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Gillian Fleming1, Gregor McNeill2

Author Affiliations: 

1Specialist Trainee in Intensive Care Medicine, Royal Infirmary of Edinburgh, UK; 2Consultant in Intensive Care Medicine, Royal Infirmary of Edinburgh, UK

Correspondence to: 

Dr Gregor McNeill, Department of Critical Care, Royal Infirmary of Edinburgh, 51 Little France Crescent, Edinburgh EH16 4SA, UK


Journal Issue: 
Volume 50: Issue 2: 2020
Cite paper as: 
J R Coll Physicians Edinb 2020; 50: 107–9



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Following the initial cases of severe respiratory illness in Hubei province, China in December 2019, there was rapid global spread of severe acute respiratory syndrome coronavirus 2 (SARS-CoV-2) and the current outbreak was officially recognised as a global pandemic by the WHO on 11 March 2020.1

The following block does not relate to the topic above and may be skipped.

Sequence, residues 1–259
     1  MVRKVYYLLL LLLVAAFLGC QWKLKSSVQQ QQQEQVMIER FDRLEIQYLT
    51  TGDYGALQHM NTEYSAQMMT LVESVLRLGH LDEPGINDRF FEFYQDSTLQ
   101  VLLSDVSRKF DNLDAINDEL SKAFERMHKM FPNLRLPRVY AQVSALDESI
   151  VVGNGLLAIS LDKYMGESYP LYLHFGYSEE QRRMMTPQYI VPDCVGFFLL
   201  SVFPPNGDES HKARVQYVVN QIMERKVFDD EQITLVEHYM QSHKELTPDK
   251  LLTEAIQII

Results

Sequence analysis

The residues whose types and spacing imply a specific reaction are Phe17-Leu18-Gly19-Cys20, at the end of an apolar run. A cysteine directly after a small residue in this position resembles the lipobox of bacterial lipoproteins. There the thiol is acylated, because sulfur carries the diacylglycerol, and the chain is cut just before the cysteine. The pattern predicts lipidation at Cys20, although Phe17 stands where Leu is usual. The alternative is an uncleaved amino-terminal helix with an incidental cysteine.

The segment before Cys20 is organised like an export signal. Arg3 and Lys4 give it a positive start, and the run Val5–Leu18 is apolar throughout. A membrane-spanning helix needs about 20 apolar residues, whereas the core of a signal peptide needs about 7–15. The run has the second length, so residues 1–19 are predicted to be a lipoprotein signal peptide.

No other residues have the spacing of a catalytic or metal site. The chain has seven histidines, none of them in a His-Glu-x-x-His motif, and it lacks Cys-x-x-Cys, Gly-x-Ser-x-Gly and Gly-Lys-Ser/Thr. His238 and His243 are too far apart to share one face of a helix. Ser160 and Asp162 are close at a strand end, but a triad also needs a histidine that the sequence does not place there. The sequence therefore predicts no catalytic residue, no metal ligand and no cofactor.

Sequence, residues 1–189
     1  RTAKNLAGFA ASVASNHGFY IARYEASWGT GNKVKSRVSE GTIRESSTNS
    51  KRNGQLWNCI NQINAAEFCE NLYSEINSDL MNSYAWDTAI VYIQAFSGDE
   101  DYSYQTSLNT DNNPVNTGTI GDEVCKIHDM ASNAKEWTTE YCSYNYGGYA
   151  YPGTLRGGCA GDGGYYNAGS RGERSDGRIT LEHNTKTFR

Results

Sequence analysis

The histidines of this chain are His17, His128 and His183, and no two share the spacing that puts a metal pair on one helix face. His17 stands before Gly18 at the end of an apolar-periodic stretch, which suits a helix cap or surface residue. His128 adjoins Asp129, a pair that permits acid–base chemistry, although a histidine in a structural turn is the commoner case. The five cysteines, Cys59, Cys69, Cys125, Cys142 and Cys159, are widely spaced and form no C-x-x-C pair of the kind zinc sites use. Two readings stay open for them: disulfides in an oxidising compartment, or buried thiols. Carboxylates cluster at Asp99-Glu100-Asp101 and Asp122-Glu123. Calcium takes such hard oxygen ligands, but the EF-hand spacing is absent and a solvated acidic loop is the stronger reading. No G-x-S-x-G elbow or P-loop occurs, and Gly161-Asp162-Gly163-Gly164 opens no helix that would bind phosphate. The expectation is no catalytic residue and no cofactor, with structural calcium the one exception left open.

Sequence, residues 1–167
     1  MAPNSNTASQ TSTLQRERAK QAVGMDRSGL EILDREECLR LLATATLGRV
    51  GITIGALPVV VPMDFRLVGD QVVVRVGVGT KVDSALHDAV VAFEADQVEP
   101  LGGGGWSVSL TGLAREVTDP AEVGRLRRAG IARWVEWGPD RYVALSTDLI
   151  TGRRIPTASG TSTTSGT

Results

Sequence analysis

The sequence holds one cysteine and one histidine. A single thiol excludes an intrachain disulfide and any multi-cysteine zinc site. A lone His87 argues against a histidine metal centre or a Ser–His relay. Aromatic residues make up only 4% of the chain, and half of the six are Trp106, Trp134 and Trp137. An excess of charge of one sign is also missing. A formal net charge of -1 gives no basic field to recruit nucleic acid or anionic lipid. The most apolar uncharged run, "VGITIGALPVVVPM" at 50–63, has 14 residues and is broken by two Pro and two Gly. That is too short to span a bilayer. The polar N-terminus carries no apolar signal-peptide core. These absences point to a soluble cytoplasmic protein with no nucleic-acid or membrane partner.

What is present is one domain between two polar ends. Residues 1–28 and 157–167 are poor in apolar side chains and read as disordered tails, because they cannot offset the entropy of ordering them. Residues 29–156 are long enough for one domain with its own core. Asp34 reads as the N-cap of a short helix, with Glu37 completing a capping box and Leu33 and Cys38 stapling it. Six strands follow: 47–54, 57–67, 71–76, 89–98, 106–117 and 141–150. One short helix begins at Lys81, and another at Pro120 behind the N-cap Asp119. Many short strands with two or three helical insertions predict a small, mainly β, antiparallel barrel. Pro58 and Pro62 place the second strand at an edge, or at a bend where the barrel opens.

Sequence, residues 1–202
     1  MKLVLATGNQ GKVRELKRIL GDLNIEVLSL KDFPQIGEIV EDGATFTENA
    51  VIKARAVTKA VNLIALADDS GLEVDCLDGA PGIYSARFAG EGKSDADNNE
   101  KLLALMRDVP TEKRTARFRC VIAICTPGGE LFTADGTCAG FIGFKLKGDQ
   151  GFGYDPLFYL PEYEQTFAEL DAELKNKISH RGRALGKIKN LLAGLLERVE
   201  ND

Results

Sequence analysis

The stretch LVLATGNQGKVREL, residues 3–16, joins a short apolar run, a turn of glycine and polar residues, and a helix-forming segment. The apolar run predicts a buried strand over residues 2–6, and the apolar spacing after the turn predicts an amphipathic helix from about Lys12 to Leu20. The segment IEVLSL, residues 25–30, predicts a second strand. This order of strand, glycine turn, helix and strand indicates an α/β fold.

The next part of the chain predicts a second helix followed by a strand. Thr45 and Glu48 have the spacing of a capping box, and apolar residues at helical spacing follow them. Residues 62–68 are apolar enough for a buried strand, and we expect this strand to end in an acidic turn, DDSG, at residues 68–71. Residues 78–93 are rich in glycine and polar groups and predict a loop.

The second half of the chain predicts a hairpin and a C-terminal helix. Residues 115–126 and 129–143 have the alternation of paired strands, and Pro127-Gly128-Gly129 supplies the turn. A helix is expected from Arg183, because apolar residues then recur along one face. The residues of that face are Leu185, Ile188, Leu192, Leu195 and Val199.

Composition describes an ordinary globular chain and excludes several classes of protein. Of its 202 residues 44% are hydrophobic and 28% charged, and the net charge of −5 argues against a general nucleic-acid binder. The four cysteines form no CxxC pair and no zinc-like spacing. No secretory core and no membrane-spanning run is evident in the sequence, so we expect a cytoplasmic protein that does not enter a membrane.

With the rapid proliferation of the virus across the globe, there was need for a swift and efficient critical care organisational response to ensure preparedness of our system to cope with a large influx of critically ill patients. Of note, the reported mortality for those requiring invasive ventilation was in excess of 80%.2 This organisational response to the pandemic encompassed four main areas: capacity and expansion planning, adequate staffing, personal protective equipment (PPE) provision, and protocols, training and learning.

In Edinburgh, UK the first patient with confirmed COVID-19 (SARS-CoV-2) disease was admitted as a precaution to our regional infectious diseases unit on 3 March 2020, with the first patient requiring invasive ventilation seven days later. Following this, there was a relatively rapid increase in patients requiring invasive ventilation, and during this timeframe intensive care capacity within our hospitals was initially doubled, then quadrupled. This was achieved through expansion into other clinical areas such as the cardiothoracic intensive care unit, and theatre recovery areas. To support the provision of intensive care bed spaces for potential COVID-19 patients, all elective surgery with the exception of transplant and cancer work, ceased in mid-March 2020.